The 3 year old is starting to understand the concepts of now, soon and later and is starting to sort objects on the basis of one attribute such as shape, size or colour. The ability to compare size is emerging as they begin to understand which object is bigger and which is smaller when two objects are compared. The 3 year old knows their own age and name with some motivated 3 year olds learning to write their own name.
Their attention span is increasing however they can become easily distracted. They communicate in complete sentences of 3 to 5 words and can talk about the attributes of objects, about others and about their own actions. Why and how questions emerge and songs, poems and chants are accurately learnt.
A 3 year old attempts to copy circles and crosses and also starts to draw recognisable pictures. The ability to count 2 - 3 objects progresses to higher numbers as the year goes on. Play becomes more complex with the emergence of constructive play (play with a specific goal to build or make something) and make believe play (acting out everyday actions and imaginative scenarios or characters). Both types of play require higher levels of cognition, representational thought, creative thinking and planning.
4 Years Old
The 4 year old can identify and name 6 colours or more and can rote count to 20 or more. Their pre-math skills are developing quickly with the ability to match, group and categorise familiar objects. They may even start to sequence three events (eg. place three events on separate cards, in order, from start to finish). They can engage in seriation, the ability to place objects in a line from largest to smallest. Mathematical and spatial concepts such as big, small, tall, short, same, more, heavy, light, near, far, rough, smooth, less, in, on, under, early, late etc. are comprehended.
A 4 year old’s attention span has improved greatly. They can focus on an activity for 10 to 15 minutes or more and can finish an activity. Time is understood on a basic level, for example, what happened a long time ago, what happened before, and what’s happening now. However, more complex time concepts like telling the time and calendar time aren’t yet understood. Children of this age can play games with rules and enjoy simple card and board games, where turn taking, patience and cooperation are required.
Problem solving skills become more effective and they are able to hypothesis, test, analyse and evaluate during play. Constructive play and make believe play become more elaborate as their ability to plan, think ahead and work toward a goal becomes stronger.
Speech becomes playful with the ability to engage in word play and identify rhyming words. 4 year olds form long sentences and communicate daily happenings, short stories, their needs and wants and even start to communicate their emotions. The 4 year old asks and answers copious amounts of questions per day, including who, what, when, where and why questions.
Children at this age start to recognise low numbers such as 1 to 5 or more and depending on their interest level, may even start to recognise many letters of the alphabet. They will attempt to write their name and may even engage in pretend writing.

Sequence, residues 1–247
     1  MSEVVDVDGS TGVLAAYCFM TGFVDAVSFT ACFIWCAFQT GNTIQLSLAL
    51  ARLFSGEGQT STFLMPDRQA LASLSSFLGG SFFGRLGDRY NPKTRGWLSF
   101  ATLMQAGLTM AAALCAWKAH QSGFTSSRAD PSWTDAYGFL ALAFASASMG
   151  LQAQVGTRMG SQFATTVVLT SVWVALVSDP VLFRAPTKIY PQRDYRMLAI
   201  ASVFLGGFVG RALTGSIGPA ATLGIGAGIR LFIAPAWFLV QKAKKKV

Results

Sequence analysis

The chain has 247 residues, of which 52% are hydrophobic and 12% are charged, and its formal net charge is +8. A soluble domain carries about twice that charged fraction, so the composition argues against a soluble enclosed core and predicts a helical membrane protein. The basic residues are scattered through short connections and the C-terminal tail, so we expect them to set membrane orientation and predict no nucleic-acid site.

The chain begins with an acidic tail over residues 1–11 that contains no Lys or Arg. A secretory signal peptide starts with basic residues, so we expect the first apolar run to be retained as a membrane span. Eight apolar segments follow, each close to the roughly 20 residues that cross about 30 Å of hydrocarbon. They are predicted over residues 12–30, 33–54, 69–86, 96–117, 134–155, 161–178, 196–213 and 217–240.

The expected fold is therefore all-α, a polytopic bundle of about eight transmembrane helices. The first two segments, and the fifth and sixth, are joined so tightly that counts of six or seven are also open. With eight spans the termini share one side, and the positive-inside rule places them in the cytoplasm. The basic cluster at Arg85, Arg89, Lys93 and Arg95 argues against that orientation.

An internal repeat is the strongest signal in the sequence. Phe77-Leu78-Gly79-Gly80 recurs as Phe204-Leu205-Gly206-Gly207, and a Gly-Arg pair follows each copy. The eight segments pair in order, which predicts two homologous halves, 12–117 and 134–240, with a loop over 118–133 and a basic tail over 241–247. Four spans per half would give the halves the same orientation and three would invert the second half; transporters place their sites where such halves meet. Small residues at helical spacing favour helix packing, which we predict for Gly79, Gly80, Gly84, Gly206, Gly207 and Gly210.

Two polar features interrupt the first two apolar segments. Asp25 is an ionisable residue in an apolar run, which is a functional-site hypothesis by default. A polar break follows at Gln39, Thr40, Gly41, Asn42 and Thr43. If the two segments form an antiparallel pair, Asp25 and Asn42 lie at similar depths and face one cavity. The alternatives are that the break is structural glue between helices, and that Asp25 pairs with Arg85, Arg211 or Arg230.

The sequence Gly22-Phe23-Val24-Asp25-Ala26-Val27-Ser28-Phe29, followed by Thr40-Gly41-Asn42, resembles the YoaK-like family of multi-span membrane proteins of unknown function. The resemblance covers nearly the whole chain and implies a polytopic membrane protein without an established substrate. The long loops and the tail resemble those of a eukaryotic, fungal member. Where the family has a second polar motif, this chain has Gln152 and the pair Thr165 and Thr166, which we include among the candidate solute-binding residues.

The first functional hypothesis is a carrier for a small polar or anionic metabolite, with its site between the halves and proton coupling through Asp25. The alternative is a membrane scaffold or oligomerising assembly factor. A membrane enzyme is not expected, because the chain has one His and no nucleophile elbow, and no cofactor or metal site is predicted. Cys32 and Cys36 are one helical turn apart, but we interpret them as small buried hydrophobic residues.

The 4 year old may start to take on the perspective of others in a very simplistic way, during situations that are familiar to them (for example, they will understand and sympathise with a friend whose block tower has been destroyed by a peer). However, they won’t fully be able to appreciate a more complex perspective or point of view until further brain maturation occurs.
5 Years Old
The 5 year old recognises basic colours and is able to sort objects on the basis of two attributes eg. colour and shape. The math skill of classification emerges (the ability to classify objects into like groups, for example, all are fruit, animals or transport etc) and they can count to 20 and above. They have the ability to sequence over 3 events now and can recognise numbers 1 to 10 or higher. Some children can count to 100 or more.
A 5 year old starts to understand simple arithmetic concepts of addition and subtraction. If shown how, they may use their fingers to calculate very simple sums. More complex literacy skills are also emerging at 5. Children recognise most letters and are familiar with lowercase and uppercase letters. They start to understand letter phonics (letter sounds) and can identify the sounds of some letter. They understand that letters make words and that words are written and read to convey meaning.
At 5, most children can write or copy their name and may even attempt to write family or friends names or very simple words like cat, dog, hat and so on. They learn that text flows from left to right and may even express the desire to read or even start to read. A 5 year old loves telling stories and understands that a story has a beginning, middle and end. However, their stories may not always reflect this understanding.
Drawing becomes much clearer and will depict animals, people, objects and places and can represent a story, explain a theory, express a thought or even a feeling. 5 year olds can copy or draw a square and triangle. Play becomes much more involved with children making up their own games with rules. Their constructive play can become very project based with children engaging in a process of designing, planning, collecting materials, constructing and evaluating their work. Role play becomes sophisticated, with intricate themes/story lines and specific roles assigned to peers.
Time concepts have progressed– children understand today, yesterday and tomorrow and recognise o’clock times when looking at a clock with hands. Attention span has increased, helping 5 year olds attend to an activity for 20 minutes to half an hour or more.
5 year olds language skills are growing everyday with a vocabulary of 1,500 words and understanding thousands more. They communicate using 5 to 8 words per sentence and speech is fluent and phonetically clear, except for a few letters such as “s”, “f” and “th”. At this age children are starting to grasp the concept of money. They may be able to recognise some coins or notes and understand that money is used to purchase goods. They may even start to understand the concept of saving to purchase something more valuable in the future.
Written by Emma Butler BECS